Deciding to move to Spain, the weekend that decided it.
This last-minute trip to Barcelona was not meant to be about eating but of course with me: food always finds a way in.
It started on the first night, my husband and I went to meet my father for dinner somewhere, only for the two of us to be whisked off to the 2 Michelin starred Enoteca as my father grinned mischievously and waved us off “You two don’t spend any time alone together!” (It’s true, we rarely do. And I’ve read on all those blogs about the importance of date night but getting my roots done is equally important and I never get to do that either!)
At my insistence, while my husband stared wistfully at the listing of a simple plate of Jamon Iberico, we went for the tasting menu. (My reasoning was that it was better value.) The tasting menu was inspired by the Mediterranean so my husband suffered through quite a few for professional-gourmet-eaters’-only type of dishes. Like a mollusk injected with liquid so that it spurted impolitely when placed in the mouth, followed by what looked like a donut (yay!) but turned out to be filled with a warm reduction of shellfish (gah! even for me, that was challenging). After sitting through 8 courses of that, I looked at my husband, cheeks filled with bread as he tried to dull the vivid seafood impressions and thought, “Wow, this guy must really love me to sit through all this!”
There were breakfasts at Café Emma and lunch at Bar Lobo (part of the Tragaluz group.) and Bar Moo. Donuts from the newly opened Chok and happy flipping through 365Barcelona (a fantastic little book put together by a motley crew of Barcelonians with one thing to eat for every day of the year). The perfect custard tart at Nata and Japanese / Brazilian food (yes, really and no, I don’t really know why?) at Ikibana.
Possibly my favorite meal on the weekend that was crucial in Deciding to move to Spain was the one on my last night at Tapas 24. I was walking to my apartment** when I spotted the line for the restaurant and joined it without thinking. When I told the blond waitress that I was dining alone, she whisked me forward. A quick half hour wait and she set me up with a nice bar seat across from the kitchen.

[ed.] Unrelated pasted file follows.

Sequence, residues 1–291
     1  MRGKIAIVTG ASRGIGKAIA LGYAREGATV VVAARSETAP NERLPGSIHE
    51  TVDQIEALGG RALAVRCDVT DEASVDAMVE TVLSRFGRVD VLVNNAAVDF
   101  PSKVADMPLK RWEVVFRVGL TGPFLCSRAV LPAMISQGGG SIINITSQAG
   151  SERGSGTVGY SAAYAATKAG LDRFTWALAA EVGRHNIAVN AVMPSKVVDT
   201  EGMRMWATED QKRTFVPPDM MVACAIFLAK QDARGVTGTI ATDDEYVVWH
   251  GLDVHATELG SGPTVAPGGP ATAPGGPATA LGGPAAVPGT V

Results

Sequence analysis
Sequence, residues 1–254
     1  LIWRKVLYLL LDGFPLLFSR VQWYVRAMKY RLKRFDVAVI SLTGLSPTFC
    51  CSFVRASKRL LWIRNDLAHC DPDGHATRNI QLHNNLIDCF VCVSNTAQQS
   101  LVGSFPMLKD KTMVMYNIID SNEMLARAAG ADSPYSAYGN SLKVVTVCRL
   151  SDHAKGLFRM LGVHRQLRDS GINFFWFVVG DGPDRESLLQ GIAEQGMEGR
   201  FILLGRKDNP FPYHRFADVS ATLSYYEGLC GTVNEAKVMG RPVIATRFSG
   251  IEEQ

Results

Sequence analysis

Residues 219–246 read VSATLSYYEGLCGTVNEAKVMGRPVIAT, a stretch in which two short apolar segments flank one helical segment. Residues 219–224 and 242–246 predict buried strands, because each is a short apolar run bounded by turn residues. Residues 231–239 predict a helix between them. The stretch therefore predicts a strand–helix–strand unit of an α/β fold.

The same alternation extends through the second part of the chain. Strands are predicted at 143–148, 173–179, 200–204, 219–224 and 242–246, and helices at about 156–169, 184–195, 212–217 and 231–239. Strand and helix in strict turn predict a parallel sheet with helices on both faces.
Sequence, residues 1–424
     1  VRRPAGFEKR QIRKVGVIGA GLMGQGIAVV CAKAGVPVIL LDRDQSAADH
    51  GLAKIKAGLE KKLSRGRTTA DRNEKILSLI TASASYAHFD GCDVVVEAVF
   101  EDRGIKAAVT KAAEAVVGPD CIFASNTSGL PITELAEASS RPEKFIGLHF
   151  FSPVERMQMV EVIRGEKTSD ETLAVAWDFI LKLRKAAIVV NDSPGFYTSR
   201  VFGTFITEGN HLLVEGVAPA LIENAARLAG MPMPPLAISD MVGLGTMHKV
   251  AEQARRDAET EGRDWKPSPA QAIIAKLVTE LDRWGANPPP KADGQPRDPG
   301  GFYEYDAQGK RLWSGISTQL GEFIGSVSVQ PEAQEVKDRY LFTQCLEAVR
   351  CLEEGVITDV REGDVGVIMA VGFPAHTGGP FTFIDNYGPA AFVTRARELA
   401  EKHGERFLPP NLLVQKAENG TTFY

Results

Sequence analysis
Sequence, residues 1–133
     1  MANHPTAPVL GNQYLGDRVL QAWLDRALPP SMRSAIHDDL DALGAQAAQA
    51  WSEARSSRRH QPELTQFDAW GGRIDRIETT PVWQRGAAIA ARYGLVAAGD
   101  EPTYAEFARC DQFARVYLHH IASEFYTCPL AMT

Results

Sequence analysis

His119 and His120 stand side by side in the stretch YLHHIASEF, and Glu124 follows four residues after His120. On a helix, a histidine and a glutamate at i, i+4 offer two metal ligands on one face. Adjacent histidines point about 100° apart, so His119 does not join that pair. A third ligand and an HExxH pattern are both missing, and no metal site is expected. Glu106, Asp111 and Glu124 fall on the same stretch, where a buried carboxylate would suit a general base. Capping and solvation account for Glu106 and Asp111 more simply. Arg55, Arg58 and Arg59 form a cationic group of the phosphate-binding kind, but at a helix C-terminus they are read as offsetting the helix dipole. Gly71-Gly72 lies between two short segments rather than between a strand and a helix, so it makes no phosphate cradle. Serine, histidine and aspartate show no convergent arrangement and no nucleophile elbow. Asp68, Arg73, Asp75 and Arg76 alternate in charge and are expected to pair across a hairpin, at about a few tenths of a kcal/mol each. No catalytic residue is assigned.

The kitchen of (roughly) 8 worked together quietly and beautifully. The chef would call out the order and the guy working the plancha would lay down a thick vivid line of rock salt, then he would line up the shrimp like they were line dancing.
It was a grand trip. And you might be hearing a lot more about Barcelona in the (extremely) near future.
**I stayed in a gorgeous studio apartment that I found via Cocoon (like airbnb or Tripadvisor but vetted) but could also have been booked via the owners’ site: Suite a BCN. It was quirky, comfortable and perfect. With original tiles, a coffee machine, even a stack of DVD’s. Some mornings I woke up and just padded around happily trying to savour being alone, just moi as I was once upon a long (long) time ago. What an incredible feeling.
Which brings me to this – short-term apartments are the future. Who wants to argue with some hotel school graduate about the porn you did not watch, the €15 peanuts you did not eat and how wi-fi should be a freebie as part of the €500 a night tariff for a room that, let’s face it, saw its best days years ago. And breakfast? The breakfast that is now an extra unless you are a Centurion card holder. €25 per person for Lidl quality salmon and stuff in small glasses organized in neat rows? Come on! I’m telling you, short let apartments, a visit to a market, set yourself up and make your own bed in the morning. That’s all.